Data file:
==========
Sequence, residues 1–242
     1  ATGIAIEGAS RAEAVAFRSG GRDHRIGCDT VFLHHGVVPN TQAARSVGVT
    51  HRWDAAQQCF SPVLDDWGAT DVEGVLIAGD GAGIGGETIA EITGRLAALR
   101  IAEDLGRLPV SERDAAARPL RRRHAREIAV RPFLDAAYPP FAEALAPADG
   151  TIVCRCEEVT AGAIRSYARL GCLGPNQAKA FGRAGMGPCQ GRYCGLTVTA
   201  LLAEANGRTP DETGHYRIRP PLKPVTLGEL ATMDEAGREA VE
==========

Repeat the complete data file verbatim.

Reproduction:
Sequence, residues 1–242
     1  ATGIAIEGAS RAEAVAFRSG GRDHRIGCDT VFLHHGVVPN TQAARSVGVT
    51  HRWDAAQQCF SPVLDDWGAT DVEGVLIAGD GAGIGGETIA EITGRLAALR
   101  IAEDLGRLPV SERDAAARPL RRRHAREIAV RPFLDAAYPP FAEALAPADG
   151  TIVCRCEEVT AGAIRSYARL GCLGPNQAKA FGRAGMGPCQ GRYCGLTVTA
   201  LLAEANGRTP DETGHYRIRP PLKPVTLGEL ATMDEAGREA VE